Lesson 6: How Did Constitutional Government Develop in Great Britain?


common law  The body of unwritten law developed in England from judicial decisions based on custom and earlier judicial decisions, which constitutes the basis of the English legal system and became part of American law.

English Bill of Rights  An act passed by Parliament in 1689 that limited the power of the monarch. This document established Parliament as the most powerful branch of the English government.

feudalism  A system of social, economic, and political organizations in which a politically weak king or queen shared power with the nobility. The nobility required work and services from the common people in return for allowing them to live on and make use of the noble's land and benefit from the noble's protection.

Magna Carta  This document, also known as the Great Charter, was agreed to by King John of England in 1215 at the demand of his barons. The Magna Carta granted certain civil rights and liberties to English nobles, such as the right to a jury of one's peers and the guarantee against loss of life, liberty, or property, except in accordance with law. In doing so, it also limited the power of the monarch. The document is a landmark in the history of limited constitutional government.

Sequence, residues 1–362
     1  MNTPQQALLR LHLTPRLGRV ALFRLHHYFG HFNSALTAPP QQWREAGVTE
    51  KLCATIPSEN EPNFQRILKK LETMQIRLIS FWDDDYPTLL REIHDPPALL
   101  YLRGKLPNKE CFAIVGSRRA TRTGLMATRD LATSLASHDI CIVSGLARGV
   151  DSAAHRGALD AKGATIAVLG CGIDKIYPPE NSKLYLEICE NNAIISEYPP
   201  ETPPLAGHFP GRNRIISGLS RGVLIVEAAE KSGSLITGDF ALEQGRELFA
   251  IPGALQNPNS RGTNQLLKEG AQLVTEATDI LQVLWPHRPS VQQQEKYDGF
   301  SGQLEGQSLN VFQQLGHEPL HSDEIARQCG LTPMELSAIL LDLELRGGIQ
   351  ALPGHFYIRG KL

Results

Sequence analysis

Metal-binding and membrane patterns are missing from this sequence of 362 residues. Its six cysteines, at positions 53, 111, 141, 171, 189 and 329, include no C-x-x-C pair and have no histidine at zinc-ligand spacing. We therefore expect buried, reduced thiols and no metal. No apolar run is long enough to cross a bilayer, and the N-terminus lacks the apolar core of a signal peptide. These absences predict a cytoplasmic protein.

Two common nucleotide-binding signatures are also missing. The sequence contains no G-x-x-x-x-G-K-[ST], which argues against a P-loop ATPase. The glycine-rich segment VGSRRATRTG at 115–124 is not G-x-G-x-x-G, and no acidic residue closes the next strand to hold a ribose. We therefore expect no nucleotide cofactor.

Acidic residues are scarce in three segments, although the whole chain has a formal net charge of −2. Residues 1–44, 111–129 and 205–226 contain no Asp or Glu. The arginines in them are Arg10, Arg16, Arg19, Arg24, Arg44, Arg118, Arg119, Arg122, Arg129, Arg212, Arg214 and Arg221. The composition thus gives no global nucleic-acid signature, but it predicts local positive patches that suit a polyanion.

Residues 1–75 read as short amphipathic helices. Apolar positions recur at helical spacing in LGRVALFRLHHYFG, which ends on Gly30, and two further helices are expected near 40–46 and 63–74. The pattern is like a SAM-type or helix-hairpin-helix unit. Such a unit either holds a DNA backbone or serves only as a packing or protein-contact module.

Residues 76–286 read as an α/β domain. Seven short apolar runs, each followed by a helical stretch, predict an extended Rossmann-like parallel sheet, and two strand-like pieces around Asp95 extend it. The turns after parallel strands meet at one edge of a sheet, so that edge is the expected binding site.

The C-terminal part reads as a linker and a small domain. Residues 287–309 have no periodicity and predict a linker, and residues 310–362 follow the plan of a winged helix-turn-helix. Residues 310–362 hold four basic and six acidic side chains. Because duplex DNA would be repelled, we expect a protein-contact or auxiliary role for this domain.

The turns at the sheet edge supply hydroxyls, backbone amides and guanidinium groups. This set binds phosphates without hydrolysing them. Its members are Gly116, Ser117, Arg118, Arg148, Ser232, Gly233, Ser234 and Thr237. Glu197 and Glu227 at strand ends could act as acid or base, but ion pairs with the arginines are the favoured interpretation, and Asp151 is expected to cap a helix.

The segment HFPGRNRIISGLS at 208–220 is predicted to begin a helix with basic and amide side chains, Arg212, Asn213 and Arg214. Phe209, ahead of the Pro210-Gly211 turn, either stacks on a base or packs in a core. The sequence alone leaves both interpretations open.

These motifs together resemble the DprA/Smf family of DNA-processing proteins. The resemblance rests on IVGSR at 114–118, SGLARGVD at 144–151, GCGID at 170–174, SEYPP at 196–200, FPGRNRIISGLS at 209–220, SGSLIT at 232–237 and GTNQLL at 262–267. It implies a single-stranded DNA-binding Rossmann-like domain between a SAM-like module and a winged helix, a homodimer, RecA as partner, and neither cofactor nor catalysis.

Parliament  The British legislature, which consists of two houses: the House of Lords, representing the nobility, most of whose appointments are no longer hereditary, and the House of Commons, representing the people.

Petition of Rights (1628)  A statute that limited the English monarch's power to tax people without the consent of Parliament and guaranteed certain rights to English subjects.

rights of Englishmen  Basic legal claims established over time, that all subjects of the English monarch were understood to have. They included the right not to be kept in prison without a trial and the right to trial by jury.

rule of law  The principle that both those who govern and those who are governed must obey the law and are subject to the same laws. This principle is contrasted to the "rule of men," in which those in power make up the rules as they please.

subject  Someone who owes allegiance to a government or ruler.